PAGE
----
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Green Building Blog

What if You Don't Have a Ventilation System in Your Building?

Thu, Oct 29, 2020 @ 01:46 / by Guest Post by Simon Ren, P.E., CEM

Note: Simon Ren, P.E., CEM, serves on the Detroit ASHRAE COVID-19 Task Force with Jim Newman, Sonya Pouncy and others. This article comes from a similar piece written for the Task Force. Members of the Task Force have been speaking to various business and building owner groups on their expertise as it pertains to mitigating the effects of the coronavirus in buildings. Find additional resources at DetroitAshrae.org/COVID_19_task_force.

Portable air cleaners are a viable option for improving air quality in older buildings. 

Many older buildings lack whole-building ventilation tied directly into the mechanical operations and HVAC systems. Instead, these older buildings rely on infiltration/exfiltration through cracks in the building envelope, open windows where possible, or toilet or general exhaust fans. Building managers can only hope they will provide at least a minimal amount of outside air. People entering and leaving the building also cause some exchange of outside air with indoor air, but it only happens when people actually come or go. For many low-occupancy spaces this is adequate - most of the time.

How can we improve air quality and increase the amount of outside air in these older buildings, especially as we continue to face a global pandemic brought on by tiny particles that float through the air?

Open door and window

Some will bring in additional outside air by opening windows or doors. Typically, only one window needs to be opened to exchange air in a small space. In larger spaces, opening windows along one wall is sometimes sufficient. For adequate ventilation in a large space, however, we recommend opening windows on opposite sides, or at least two sides of the space. Be aware - uncontrolled variable air movement can spread bacteria and viruses making open windows a less-than-perfect option.

boiling potBecause air is mostly empty space, as molecules of indoor air leave (taking contaminants with them) outdoor air (much less likely to be carrying viruses) will enter. Just like the aroma of good (or bad!) cooking that travels quickly throughout a home (especially when there are hungry teenage boys at home), air is constantly in motion and molecules move in and out of spaces. With colder temperatures coming, open windows are less of an option in much of the northern hemisphere, but could provide some needed relief in the southern US and places further toward the equator.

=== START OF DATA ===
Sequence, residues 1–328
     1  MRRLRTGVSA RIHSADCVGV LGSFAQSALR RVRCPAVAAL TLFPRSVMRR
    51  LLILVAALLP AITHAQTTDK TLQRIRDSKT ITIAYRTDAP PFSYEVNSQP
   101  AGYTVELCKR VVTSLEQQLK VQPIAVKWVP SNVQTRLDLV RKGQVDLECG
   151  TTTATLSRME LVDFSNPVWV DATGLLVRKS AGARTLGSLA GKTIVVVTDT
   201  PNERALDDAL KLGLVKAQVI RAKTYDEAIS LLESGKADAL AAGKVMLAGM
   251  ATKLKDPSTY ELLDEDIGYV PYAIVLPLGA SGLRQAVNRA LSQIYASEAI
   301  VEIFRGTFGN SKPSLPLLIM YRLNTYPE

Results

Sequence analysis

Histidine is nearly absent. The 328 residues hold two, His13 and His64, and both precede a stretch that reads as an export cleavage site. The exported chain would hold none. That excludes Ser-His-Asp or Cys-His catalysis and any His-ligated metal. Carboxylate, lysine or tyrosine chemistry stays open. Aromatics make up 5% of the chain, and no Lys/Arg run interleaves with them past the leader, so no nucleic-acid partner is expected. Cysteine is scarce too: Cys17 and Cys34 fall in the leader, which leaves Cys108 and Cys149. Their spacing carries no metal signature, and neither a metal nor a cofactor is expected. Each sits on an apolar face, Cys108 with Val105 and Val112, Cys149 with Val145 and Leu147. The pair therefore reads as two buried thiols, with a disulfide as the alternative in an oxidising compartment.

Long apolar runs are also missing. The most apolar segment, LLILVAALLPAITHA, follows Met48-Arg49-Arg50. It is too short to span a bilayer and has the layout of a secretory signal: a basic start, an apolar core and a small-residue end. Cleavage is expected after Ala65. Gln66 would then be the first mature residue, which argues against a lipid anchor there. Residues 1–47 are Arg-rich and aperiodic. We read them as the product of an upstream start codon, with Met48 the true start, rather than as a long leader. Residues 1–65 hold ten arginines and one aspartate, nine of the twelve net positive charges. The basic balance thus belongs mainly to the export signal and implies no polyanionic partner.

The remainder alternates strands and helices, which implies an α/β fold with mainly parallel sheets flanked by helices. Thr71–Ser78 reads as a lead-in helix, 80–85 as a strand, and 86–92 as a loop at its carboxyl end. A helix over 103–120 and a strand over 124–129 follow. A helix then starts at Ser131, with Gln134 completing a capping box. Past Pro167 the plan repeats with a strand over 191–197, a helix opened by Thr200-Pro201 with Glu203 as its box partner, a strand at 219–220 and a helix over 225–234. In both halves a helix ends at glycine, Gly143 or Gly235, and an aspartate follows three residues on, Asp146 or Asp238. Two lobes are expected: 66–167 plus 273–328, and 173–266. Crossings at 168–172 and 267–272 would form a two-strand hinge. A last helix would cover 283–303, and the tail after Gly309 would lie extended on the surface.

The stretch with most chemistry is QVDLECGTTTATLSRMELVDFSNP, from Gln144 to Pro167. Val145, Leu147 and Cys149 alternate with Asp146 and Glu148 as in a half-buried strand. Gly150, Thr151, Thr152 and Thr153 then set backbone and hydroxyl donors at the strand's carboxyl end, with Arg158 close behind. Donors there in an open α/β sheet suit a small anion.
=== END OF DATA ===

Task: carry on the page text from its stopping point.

Modern Methods to Increase Airflow

Fortunately, today we have access to a variety of mechanical and electronic technologies that reduce pathogens and other pollutants within the space.Energy recovery ventilator

  • Energy recovery ventilators are an excellent way to bring in outside air. These small, relatively inexpensive units exhaust inside air while bringing in outside air through a heat exchanger. Using this method, owners avoid the larger cost of a make-up air unit with heater.

    In Michigan and other northern zones, however, bringing in more outside air during colder winter months reduces relative humidity (RH) within the space, which could pose a problem. Humidity ideally should be between 40 to 60% RH for optimum human health. Below 40% RH, our nasal passages and lung linings dry out making us more susceptible to pathogens.

    See "100% Outside Air - Is it Really One of the Best Solutions for Flushing Buildings?"

    If bringing in cold air using energy recovery ventilators reduces RH in your building, consider adding humidifiers. For small spaces, portable humidifiers adequately address this. For larger spaces, wall-mounted humidifiers can be installed. On colder days, i.e., below 25°F, it is difficult to maintain 40% RH due to the risk of condensation that can lead to mold in the walls and around the windows
    . Temporarily reducing the humidifier setting to a lower RH (below 40% but not less than 30%) helps protect the building envelope. 

  • Other options: Portable media filters with high MERV-rated filters, typically HEPA-type (MERV 15) are usually the first technology considered, but they are not effective against gases, odors and the smallest particles. To make them more effective they need to have either a UV lamp or the proper type of ionization of the air, e.g., bi-polar ionization (BPI) or photocatalytic oxidation (PCO). The ions will actually go out into the space to inactivate the bacteria or virus that have not passed through the filter.

    See "Three Coronavirus Prevention Techniques – a Comparison"

    4 types of portable air quality unitsPortable filtration units with HEPA filters and a UV lamp or with ionizers have proven to be much more effective at reducing risk of spreading viruses. The ionizers release positive and negative ions into the space where they instantly oxidize pollutants and inactivate or kill pathogens providing safer, cleaner air to breathe.

Do your research. For those in an older building with poor ventilation, one of these systems may be right for you. Before buying a portable air purifier, check whether it is certified by the California Air Resources Board (CARB). They look at electrical safety, ozone emissions and more. If you have questions on which system is right for you, please contact us and one of our indoor air quality experts will help you determine the best system for your situation.

For questions, contact Newman Consulting Group. If you want to reach Simon Ren, use our Contact Form here.

Contact Newman Consulting Group

Topics: HVAC, IAQ, indoor air quality, coronavirus, COVID-19, bi-polar ionization

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